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About null_void

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  1. null_void

    Managing loaded textures?

    Let's see if I'm understanding this correctly. Basically, you have a sprite manager, not a texture manager? So the manager stores information other than just the raw picture data? Assuming this to be the case, this is how I would probably handle it. Separate that functionality. Have separate sprite objects, which know their own rotation, size and such. Have the texture manager handle only the raw image data (and possibly the size of the image, if you find that necessary). When a sprite is told: "You need the image 'apple.bmp'," it goes to the texture manager and asks for the raw data. This way, you can have many objects which use the same texture data, but each sprite can still keep track of other attributes like your rotation point and the overall size of the sprite. Is this what you were asking, or did I completely misunderstand?
  2. Good luck with whatever you decide.
  3. Quote:Original post by TomX Well with all the bad information about Windows and the superiority of Linux (although this may not be true, it's just what I read) I feel I need to learn how to use/network Linux and I feel that using Linux would make compiling faster (probably stupid and really not much faster). This is the subject of holy wars, so I will leave my opinion out of it. I will say, though, that practically speaking, and having used tools under both operating systems, that I've not really noticed a significant difference in build times. If you want to learn Unix style network administration, then I say go for it. Nothing wrong with broadening your skill set, right? It's one more thing you can put on your resume.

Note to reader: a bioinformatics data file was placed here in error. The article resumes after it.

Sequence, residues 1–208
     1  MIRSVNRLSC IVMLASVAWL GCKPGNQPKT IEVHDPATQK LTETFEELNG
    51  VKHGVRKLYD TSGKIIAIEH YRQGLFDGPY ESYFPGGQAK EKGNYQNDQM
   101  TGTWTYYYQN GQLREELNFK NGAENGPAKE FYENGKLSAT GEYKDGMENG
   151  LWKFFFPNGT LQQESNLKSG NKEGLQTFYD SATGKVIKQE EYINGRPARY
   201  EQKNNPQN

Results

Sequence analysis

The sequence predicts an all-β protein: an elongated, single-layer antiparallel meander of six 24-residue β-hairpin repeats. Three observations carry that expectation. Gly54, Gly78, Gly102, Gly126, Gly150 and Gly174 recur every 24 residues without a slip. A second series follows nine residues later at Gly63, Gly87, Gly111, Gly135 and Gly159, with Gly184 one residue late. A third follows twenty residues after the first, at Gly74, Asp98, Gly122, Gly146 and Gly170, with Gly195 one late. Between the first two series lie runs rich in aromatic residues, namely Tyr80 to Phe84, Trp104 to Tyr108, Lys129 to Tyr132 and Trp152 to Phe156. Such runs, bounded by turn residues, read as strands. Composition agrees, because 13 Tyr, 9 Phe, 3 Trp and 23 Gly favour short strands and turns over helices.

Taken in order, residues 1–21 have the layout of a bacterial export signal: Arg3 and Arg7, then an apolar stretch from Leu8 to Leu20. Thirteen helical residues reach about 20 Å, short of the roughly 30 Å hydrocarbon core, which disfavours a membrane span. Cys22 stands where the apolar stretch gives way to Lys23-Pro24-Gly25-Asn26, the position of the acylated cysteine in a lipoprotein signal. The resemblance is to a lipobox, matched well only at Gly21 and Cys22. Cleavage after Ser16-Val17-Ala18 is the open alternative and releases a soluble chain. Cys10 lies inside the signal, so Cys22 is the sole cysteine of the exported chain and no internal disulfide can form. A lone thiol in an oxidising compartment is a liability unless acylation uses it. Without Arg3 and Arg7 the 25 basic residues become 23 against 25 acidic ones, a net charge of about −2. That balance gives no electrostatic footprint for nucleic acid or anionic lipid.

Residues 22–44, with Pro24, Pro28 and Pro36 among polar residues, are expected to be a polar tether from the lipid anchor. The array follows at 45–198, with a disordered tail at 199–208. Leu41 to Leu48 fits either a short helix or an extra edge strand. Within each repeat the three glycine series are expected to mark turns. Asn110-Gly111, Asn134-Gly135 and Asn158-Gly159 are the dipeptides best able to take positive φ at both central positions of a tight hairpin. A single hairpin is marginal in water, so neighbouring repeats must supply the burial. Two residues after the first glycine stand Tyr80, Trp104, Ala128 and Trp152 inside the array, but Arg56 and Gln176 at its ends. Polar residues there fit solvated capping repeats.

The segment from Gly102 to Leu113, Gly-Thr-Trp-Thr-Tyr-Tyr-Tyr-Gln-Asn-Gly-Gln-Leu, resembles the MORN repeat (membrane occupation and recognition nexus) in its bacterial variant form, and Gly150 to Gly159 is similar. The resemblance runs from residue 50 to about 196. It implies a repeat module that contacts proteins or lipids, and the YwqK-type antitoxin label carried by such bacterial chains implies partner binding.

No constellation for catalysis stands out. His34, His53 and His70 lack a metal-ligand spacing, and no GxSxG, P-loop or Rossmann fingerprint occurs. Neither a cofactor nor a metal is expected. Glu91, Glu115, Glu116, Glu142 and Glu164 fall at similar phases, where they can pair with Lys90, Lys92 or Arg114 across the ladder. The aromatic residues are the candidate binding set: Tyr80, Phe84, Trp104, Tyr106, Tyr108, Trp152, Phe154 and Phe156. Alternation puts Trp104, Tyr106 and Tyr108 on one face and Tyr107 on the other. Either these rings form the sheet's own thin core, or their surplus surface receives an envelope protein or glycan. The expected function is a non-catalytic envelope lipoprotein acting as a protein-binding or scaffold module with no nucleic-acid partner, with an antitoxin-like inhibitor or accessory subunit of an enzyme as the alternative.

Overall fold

4. Quote:Original post by TomX Thanks, what advantages does Linux have over Windows in relation to programming? I can't really think of anything, honestly. That said, I use Linux as a development environment. It's just what I'm familiar with, and I like the tools available. I don't necessarily feel that they're better than their MS counterparts. Use what you are comfortable with. If you think you might like an alternative toolset better, then try it out. Use whichever one you decide that you like more.
  5. Quote:Original post by datadawgx also, this brings up another good question: AI should I have a generic AI algorithm that thinks for all the objects (given their state) or give each object it's own hardcoded intelligence? I'm a fan of using (I believe it is called a strategy pattern) for this type of thing. Each game unit has a pointer to an AI interface class, and you can mix and match behaviours as necessary. You can even have multiple types. As a simple example: Each unit may have a movement strategy and a firing strategy. I have an interface Movement and an interface Firing. From those I can derive children for specific types, such as MovementRandom, MovementRunAway or FiringShootConstantly (yes, I realize the names are horrible, but these are just examples). This way, you don't have to re-code your AI algorithms for each unit type. All you have to do is create one of the objects (you could even have them loaded from a script) and pass a pointer into your game unit object. Or was this not what you were asking?